It’s an event that has its origin in Australia, but now has a worldwide following - and it’s based on the simple premise of turning off a light in the house. Earth Hour started in Sydney in 2007 as a response to reports of rising carbon pollution and the perceived threats posed to our way of life by carbon change.
(min cost $8)
Login or signup to continue reading
On a simple and more immediate level, turning off a light or three has another beneficial effect for everyone –it allows us to see the night sky more clearly. Judith Bailey of the Ballarat Observatory says that Ballarat’s night sky is still clear enough for good astronomy.
“We’re a lot better off than Melbourne. A lot of people can’t see the fifth star in the Southern Cross anymore in Melbourne. It doesn’t mean we should be complacent.”
Judith says there’s no clear correlation between crime reduction and leaving lights on. Rather, the practice of running street lights all night came about in Ballarat in the 1970s. Prior to that they were turned off at midnight.
“There was an impetus after the (Second) World War right through the night, and that was to create the base load for power stations to run through the night so they could gear up when they needed. The premise that we have for leaving lights on all night doesn’t stack up.”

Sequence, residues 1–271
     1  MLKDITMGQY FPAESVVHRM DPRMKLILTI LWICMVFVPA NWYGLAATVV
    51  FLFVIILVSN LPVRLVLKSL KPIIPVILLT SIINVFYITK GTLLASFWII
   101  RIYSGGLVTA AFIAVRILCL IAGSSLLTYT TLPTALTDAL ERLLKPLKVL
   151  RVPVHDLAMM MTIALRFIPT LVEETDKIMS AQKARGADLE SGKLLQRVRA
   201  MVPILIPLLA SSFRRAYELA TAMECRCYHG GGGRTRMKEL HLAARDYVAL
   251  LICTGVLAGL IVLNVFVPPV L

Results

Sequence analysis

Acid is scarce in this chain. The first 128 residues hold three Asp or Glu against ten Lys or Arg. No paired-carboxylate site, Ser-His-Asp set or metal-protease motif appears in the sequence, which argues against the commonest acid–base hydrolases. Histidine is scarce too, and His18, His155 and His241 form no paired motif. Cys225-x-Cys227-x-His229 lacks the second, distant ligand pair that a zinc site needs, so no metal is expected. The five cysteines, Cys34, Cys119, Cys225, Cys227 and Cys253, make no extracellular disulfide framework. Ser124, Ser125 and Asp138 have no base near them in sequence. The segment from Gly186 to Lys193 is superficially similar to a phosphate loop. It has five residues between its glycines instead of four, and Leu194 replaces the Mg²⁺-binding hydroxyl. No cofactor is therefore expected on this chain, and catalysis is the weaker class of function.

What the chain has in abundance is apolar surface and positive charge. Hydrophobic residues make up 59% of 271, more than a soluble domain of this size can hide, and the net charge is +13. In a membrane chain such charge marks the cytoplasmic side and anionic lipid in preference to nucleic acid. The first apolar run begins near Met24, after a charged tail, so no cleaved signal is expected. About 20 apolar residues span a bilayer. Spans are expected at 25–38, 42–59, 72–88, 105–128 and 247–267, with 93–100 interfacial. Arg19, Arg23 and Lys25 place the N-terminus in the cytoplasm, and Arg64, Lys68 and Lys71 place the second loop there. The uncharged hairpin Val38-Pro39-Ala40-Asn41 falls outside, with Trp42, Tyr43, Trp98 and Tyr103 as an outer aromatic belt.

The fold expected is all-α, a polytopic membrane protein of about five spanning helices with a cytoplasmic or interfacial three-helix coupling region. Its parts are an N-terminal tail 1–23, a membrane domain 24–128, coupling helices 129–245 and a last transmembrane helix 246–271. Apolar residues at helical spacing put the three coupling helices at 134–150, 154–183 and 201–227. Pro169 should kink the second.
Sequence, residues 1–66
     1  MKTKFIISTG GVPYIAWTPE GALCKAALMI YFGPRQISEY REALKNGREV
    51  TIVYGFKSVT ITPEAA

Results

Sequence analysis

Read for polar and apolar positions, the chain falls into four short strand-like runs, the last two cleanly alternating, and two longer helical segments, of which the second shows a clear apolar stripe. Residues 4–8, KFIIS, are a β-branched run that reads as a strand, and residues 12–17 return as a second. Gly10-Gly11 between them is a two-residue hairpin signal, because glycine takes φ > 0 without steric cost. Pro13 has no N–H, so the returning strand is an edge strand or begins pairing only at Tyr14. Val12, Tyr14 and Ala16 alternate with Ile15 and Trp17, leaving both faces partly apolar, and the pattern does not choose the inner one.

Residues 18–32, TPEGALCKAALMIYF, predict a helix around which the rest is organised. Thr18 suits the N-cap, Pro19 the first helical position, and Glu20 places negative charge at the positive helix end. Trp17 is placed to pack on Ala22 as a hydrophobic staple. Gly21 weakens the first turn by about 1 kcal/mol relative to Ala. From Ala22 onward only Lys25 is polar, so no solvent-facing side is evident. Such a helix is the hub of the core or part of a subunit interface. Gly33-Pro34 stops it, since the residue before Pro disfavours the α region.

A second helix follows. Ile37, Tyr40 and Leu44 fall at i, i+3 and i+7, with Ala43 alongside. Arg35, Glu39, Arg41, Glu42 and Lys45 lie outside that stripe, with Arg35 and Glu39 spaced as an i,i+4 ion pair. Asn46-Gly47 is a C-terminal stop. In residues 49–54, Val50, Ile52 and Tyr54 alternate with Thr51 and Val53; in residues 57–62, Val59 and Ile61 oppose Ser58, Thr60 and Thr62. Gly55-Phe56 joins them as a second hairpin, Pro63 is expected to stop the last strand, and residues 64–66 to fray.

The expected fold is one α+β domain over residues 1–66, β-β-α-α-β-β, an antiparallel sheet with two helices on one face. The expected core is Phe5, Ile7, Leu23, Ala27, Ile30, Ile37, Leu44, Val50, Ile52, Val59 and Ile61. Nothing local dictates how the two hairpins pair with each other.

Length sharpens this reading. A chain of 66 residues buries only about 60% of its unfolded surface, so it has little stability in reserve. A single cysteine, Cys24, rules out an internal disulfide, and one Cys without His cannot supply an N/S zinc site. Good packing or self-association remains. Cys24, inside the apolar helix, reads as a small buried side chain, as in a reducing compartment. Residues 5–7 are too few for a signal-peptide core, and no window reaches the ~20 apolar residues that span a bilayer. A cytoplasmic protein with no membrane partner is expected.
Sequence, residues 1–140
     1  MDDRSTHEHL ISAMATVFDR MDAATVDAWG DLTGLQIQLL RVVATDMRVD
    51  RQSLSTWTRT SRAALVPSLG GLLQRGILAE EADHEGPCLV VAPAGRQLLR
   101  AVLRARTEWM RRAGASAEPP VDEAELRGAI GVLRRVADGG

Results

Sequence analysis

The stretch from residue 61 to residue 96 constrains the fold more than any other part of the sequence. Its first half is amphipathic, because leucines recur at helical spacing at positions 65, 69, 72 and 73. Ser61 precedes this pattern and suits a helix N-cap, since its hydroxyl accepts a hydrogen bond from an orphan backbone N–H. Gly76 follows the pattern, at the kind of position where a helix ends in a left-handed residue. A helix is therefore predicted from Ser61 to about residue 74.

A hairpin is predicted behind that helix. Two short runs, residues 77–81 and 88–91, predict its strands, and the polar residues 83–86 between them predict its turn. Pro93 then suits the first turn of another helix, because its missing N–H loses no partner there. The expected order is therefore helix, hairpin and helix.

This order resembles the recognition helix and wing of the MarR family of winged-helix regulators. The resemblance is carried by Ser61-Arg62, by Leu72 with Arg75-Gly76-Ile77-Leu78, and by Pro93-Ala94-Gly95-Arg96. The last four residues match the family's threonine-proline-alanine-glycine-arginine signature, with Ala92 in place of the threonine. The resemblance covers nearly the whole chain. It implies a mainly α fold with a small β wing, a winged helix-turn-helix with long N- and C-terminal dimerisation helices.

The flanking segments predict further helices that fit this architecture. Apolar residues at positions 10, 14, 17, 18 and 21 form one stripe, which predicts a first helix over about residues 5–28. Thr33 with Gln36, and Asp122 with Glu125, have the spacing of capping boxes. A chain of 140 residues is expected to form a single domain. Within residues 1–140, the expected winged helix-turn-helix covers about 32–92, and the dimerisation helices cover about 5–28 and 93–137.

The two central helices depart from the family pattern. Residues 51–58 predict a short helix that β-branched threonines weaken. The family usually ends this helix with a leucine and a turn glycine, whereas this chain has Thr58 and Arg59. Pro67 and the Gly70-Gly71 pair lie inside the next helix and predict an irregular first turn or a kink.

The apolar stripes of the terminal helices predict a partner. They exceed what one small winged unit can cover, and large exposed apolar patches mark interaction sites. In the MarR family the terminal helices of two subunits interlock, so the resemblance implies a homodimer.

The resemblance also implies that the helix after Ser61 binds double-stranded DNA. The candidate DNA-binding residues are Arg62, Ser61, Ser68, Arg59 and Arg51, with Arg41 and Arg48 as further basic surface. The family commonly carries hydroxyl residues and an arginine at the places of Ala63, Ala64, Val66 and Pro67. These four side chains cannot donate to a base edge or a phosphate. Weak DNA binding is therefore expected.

Ms Bailey says the way we think about lighting is still stuck in the Twentieth Century. Councils are realising that bright lights are not the answer, and can be a hazard on wet roads, causing glare and night blindness.
The Ballarat Observatory is open from 6pm for Earth Hour tomorrow night. The rundown for the evening is:
6.00pm: Star-be-cue – bring your own picnic or have one of the observatory’s ‘astroburgers’ or ‘spacesausages’. Bring a blanket to sit outside.
7.00pm: Did you know France has a policy of turning off all unnecessary lighting after 12am? Did you know that Christchurch in New Zealand is setting a high standard for LED lighting? A lecture including video footage presenting the latest information about lighting, safety, and crime from around the world.
8.30pm: Lights are switched off to witness the glory of the night sky.
Sign up for our newsletter to stay up to date.